“We’re not the same, politically, at all,” De Pena said. “But, you know, we’re able to talk and discuss the same ideas, it doesn’t become this vicious thing, it’s never a negative discussion.”

“We share a similar home life, so it’s interesting to see how we’ve both grown from that perspective, and how we’ve developed our own beliefs and ideas,” she added.

Foster is also full of charisma – he is relatable, personable, and known for his disarming wit. Notwithstanding the difficulty of AP Gov, he presents the course, sprinkled with humorous anecdotes, in a manner that is both accessible and informative. When you enter his classroom, you enter an environment in which your agency and competency are acknowledged and celebrated. Put simply, he sees his students; understanding them as dynamic individuals who are shaping the future.

“He treats us like humans,” Alya Abufele, a current student in Foster’s class, said. 

As an immigrant, politics had always been at the forefront of Alya’s life, but the interest was doubly fortified in Foster’s class. He was a staunch supporter of her citizenship process, even accompanying her and a few other students to exercise their newfound right to vote.

“Gen Z’s involvement is very important,” she said. “I’m inclined to learn more about civic issues because I’ve realized how much policy affects me.”

This is a generation engulfed in a rising political tide, utilizing TikTok, Twitter, and Instagram as vehicles for organizing and informing.

“The advent of more technologies has allowed us to gain more information, process things, and really keep us up to date on everything,” said fellow student Quinn NcCluskey.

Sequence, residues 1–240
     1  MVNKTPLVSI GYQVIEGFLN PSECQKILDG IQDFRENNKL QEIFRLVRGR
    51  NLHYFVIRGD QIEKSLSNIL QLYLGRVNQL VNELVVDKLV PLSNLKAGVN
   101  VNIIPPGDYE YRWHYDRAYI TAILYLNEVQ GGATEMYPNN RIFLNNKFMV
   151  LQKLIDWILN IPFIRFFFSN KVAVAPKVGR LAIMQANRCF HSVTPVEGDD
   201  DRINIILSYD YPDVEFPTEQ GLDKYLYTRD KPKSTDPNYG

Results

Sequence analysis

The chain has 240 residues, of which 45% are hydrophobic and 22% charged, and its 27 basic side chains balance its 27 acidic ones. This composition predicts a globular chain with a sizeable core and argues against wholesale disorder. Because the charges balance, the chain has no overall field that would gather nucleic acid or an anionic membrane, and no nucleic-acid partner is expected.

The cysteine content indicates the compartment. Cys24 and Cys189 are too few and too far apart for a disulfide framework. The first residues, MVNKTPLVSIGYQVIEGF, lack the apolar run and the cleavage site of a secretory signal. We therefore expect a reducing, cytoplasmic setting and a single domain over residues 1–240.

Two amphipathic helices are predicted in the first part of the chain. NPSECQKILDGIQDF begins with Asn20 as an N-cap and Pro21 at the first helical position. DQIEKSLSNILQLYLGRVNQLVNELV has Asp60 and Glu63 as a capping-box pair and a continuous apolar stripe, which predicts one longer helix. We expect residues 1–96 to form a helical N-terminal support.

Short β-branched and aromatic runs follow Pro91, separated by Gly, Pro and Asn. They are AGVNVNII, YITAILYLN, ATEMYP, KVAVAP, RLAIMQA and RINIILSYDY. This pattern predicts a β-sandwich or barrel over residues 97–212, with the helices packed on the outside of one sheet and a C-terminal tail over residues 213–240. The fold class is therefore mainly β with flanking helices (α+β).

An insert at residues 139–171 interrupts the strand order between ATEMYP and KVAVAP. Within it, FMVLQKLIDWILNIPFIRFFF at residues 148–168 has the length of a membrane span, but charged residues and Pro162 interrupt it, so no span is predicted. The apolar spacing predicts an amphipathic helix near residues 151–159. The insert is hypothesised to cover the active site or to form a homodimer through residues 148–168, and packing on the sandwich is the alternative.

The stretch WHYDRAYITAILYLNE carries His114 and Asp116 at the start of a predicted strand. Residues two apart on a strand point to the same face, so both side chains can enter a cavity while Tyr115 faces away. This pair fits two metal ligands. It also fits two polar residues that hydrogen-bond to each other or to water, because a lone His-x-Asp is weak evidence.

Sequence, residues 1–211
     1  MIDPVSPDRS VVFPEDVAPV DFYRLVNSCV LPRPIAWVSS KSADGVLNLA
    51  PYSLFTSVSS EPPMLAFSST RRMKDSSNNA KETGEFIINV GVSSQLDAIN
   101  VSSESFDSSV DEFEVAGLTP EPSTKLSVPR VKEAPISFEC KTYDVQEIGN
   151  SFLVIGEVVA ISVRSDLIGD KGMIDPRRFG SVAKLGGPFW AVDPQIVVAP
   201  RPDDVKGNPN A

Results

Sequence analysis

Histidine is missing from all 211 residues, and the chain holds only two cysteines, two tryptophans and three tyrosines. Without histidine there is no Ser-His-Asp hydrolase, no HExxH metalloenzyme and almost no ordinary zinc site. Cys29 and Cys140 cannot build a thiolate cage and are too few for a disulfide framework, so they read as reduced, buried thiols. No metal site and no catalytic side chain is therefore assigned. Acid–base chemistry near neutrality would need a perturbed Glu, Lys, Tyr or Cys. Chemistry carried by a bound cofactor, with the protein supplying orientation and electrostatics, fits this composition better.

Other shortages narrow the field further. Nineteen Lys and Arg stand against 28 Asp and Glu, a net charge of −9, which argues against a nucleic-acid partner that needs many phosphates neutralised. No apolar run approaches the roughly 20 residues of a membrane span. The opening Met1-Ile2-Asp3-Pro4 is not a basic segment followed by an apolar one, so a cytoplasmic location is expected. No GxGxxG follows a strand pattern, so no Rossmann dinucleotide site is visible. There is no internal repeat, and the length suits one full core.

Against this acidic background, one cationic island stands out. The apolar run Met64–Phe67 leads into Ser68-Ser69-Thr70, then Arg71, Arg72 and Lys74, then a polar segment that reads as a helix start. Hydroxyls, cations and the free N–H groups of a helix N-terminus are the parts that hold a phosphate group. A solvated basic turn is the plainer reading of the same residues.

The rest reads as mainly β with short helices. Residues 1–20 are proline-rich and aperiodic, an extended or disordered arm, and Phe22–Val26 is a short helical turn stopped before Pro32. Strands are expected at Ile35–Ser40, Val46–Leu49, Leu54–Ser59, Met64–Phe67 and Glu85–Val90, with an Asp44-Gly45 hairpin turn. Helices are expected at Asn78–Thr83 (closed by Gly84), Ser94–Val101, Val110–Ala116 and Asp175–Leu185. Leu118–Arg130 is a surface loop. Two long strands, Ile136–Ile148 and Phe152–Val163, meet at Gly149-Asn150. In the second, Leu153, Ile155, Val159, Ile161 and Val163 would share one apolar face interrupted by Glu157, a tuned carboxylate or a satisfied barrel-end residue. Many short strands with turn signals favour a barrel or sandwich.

“And Mr. Foster really encourages us to build on our civic knowledge,” he added. “He’s like, “Hey, go out and make your voice heard. Make sure you know you can change what’s in these textbooks.””

Again and again, Jeff tells his class, “You can’t complain if you don’t participate.” And students like Isabella, Sophia, Alya, and Quinn take it to heart. They are hungry for solutions and refuse to be satiated by stale rhetoric. From their can-do attitudes, it’s apparent that the teacher’s mission to galvanize didn’t end with the March For Our Lives group. In fact, according to him — and statistics — the national fight over guns is far from over. 

“Despite the roughly 2 million people who turned out for a march in Washington D.C., and the 700 sibling marches held around the world, there have been 47 mass shootings since the Parkland tragedy. That totals to 628 victims. As Foster and his students see it, reform shouldn’t be an afterthought — and yet, lawmakers have failed to pass significant gun restrictions.”

Jeff Foster, however, is unwavering in his mission to inform and empower his students. Behind flames of change like David and X (and now, Alya, Quinn, Sophia, and Isabella) are people like him, those who stoke and nurture the inferno of this generation’s righteous rage. A well-informed group is a fearless one, and Gen Z’s activism has all the makings of a revolution. 

“It’s incumbent on us to participate,” Jeff firmly states. “We can’t allow others to make decisions for us. We can’t just sit back, watch, and be angry. The worst thing you can be is apathetic.”